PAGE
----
To mark 15 years since the launch of the MRO mission, NASA is today releasing some of these most striking photos. Find the many images captured by the camera at high resolutionresolution HiRise of the MRO probe on the dedicated site uahirse.org and HiRise English as well as on the Flickr page of the instrument.
Dust storm on Mars
On Mars, dust storms are common. Once or twice a decade, a series of storms kick up enough dust to virtually obscure the entire Martian surface. That of summer 2018 hastened the end of the rover’s mission OpportunityOpportunity. Its solar panels were then deprived of light.
Curiosity seen from space
As early as 2007, HiRISE was strafing the surface of Mars in search of a landing site for the rover CuriosityCuriosity. Later, it is the rover that the camera caught several times, wandering on the Red Planet.
Remember that the incredible resolution of HiRISE allows it to capture spectacular scenes such as avalanchesavalanches or even whirlwindswhirlwinds of dust the size of a building. Or even other Martian missions. In total, nearly seven million images.
And soon, no doubt, Mars Reconnaissance Orbiter will offer us images of Perseverance, NASA’s rover which will arrive on Mars in February 2021.
HiRISE is not the only one to have followed the martian roversmartian rovers from NASA. CTX did the same with Opportunity. Or at least, by photographing the region in which the rover operated, from its landing on the side of theEagle Crater in January 2004, until the end of its mission, on the edge of the crater EndeavorEndeavorin the Persevrance Valley in June 2018.
There is no doubt that the instruments of Mars Reconnaissance Observer will be used to establish maps of future landing sites for robotic missions… or human ones.
On Mars, impressive dust devils
In 15 years, HiRISE has more than once surprised sensational phenomena. Like dust devils, some of which can reach 30 meters in diameter and 800 meters high. This is roughly the height of the tallest skyscraper in the world, the Burj Khalifa, built in Dubai. All this while the exposure to SunSun decreases on Mars at the end of spring and that, as on Earth, the winds, fed by the heatheat solar, should also subside.
Spiders on Mars?
Among the significant discoveries made by MRO, there is that of “spidersspiders ” who emergingemerging of the landscape each spring, on the south pole side of Mars. When the ice cream carbon dioxidecarbon dioxide heats up below the surface, it releases gas below pressurepressure which shatters the dust into small radiating mounds. A phenomenon that does not occur anywhere on Earth.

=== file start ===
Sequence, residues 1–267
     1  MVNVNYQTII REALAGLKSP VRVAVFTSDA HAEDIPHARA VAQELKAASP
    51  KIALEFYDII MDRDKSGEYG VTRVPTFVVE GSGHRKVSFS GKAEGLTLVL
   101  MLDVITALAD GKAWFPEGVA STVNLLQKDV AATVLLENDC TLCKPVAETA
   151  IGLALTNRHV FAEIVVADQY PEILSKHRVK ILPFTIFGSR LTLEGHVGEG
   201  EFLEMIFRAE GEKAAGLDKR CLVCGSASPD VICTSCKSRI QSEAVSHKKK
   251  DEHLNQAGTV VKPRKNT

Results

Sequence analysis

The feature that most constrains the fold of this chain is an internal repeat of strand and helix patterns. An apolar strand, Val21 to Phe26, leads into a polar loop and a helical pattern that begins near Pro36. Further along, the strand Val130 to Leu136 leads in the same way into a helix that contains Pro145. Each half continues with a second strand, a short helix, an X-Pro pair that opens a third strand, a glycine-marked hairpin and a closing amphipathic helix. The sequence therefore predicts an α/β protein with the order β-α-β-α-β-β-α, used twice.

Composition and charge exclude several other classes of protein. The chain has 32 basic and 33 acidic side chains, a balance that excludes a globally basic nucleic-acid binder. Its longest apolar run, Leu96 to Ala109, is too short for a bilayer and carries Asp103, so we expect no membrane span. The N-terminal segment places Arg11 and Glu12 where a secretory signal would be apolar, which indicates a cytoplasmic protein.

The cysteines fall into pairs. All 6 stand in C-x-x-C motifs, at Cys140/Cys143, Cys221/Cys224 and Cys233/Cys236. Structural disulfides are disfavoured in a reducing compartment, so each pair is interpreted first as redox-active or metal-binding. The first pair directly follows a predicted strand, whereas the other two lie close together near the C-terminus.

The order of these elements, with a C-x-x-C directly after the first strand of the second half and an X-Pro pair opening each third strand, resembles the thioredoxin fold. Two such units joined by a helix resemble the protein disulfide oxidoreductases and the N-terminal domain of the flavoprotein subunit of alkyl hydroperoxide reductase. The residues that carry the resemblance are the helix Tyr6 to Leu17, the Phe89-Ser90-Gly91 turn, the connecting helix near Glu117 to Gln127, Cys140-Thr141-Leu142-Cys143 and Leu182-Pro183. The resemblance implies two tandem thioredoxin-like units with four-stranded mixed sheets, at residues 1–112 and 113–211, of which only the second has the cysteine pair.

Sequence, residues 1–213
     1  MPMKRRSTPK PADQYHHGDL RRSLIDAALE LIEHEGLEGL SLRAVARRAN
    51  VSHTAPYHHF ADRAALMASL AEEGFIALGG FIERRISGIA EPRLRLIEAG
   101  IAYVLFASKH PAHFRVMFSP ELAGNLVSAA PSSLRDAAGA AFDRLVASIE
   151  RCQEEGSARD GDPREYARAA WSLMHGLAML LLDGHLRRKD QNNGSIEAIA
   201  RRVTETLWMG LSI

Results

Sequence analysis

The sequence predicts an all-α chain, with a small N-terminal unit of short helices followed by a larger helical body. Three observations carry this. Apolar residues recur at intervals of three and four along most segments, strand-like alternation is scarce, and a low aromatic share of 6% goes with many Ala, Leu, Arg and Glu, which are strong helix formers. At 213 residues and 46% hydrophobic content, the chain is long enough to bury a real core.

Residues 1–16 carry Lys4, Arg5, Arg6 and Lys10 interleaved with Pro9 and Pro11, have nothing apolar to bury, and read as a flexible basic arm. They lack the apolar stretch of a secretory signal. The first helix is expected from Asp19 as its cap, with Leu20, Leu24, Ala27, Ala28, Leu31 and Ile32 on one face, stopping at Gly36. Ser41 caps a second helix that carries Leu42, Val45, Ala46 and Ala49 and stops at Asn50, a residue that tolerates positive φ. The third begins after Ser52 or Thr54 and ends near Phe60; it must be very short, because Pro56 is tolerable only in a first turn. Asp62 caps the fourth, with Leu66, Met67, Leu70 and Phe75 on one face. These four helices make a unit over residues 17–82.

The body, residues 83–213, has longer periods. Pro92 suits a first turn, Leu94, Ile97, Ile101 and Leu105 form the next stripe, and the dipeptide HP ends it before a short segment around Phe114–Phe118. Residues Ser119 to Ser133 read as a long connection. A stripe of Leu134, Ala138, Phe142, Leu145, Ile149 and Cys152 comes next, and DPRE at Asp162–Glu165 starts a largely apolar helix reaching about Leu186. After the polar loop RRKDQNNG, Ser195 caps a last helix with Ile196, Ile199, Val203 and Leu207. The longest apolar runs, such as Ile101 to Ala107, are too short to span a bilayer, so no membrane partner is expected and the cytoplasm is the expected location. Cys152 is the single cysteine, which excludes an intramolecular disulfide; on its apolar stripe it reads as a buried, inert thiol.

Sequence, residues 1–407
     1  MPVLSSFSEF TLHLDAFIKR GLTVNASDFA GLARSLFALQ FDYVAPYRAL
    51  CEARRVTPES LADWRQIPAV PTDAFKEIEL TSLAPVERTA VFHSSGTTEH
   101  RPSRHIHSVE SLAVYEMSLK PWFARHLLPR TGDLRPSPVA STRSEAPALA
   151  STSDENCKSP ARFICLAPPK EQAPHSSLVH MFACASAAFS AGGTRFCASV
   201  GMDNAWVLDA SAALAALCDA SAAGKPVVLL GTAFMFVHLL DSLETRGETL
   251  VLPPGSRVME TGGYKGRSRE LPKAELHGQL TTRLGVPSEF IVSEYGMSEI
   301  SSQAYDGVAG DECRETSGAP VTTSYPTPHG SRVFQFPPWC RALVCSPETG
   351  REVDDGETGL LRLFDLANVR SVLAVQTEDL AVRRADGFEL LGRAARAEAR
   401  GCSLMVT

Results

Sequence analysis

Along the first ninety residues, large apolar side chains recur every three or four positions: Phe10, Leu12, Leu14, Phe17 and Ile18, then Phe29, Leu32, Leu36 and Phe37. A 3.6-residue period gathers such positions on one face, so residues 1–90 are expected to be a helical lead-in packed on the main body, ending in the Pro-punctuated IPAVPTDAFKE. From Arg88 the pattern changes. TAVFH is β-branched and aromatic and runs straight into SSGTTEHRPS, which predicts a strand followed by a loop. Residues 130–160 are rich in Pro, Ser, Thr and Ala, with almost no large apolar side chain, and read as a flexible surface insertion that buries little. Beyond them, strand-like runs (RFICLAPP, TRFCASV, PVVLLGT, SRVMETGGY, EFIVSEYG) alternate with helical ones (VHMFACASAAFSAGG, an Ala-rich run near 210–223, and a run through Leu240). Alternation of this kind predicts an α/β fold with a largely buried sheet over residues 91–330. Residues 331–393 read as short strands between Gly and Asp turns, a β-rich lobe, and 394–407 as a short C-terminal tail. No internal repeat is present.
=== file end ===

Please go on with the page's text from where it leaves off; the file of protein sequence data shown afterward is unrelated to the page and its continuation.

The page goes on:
On the side of the north pole of Mars, rise cliffs some 500 meters high. Layers that were deposited at different times, revealing part of the history of the red planet.
And in the spring, when the seasonal ice — blocks of dry icedry ice laden with dust — vaporize, these cliffs crumble, triggering spectacular avalanches.
A fresh impact crater
L’atmosphereatmosphereof Mars is tenuous. It therefore only very little protects the red planet from the falls of meteoritesmeteorites . During its 15-year mission, Mars Reconnaissance Orbiter has pointed out more than 800 new impact craters there.
Studying these craters and their ejecta allows researchers to learn a bit more about what caused them.
The surface of Mars changes over time
The longevity of the Mars Reconnaissance Orbiter mission has allowed astronomers to see how much the Red Planet’s surface changes over time. They thought until then that, given the weak atmosphere that surrounds it, the movementsmovementssands, in particular, had to remain light. They now knew that was far from the case. Many Martian landforms move — like on Earth — crawling across the planet for millions of years.
Water on Mars
This animation shows the regions of Mars likely to hide water ice below the surface. © NASA, JPL-Caltech
On Mars, some regions hide near-surface water ice. Water that could be easily accessible for future astronauts.
Earth in the rearview mirror
Some 205 million kilometers from our Earth, MRO sometimes allows itself to turn away from its primary objective and turn to our planet to take a nostalgic look at it.
Phobos, a moon of Mars
Earth has only one MoonMoon, but Mars has two. Small in size — PhobosPhobos, the largest, measuring only 26 kilometers in diameter — but of great interest to astronomers. They are particularly intrigued by their shape and origin.
The Stickney crater is the main feature of Phobos. It measures nine kilometers in diameter. The troughs and ranges that many seem to be related to this crater are actually not. Rather, they would have been born from debris ejected by impacts on Mars.
Amazing streaks on the surface of Mars
They were discovered by an undergraduate student. Streaks that appear on Mars in the same places and around the same times of the year, during the hottest months. They are said to be caused by dark sand sliding down slopes.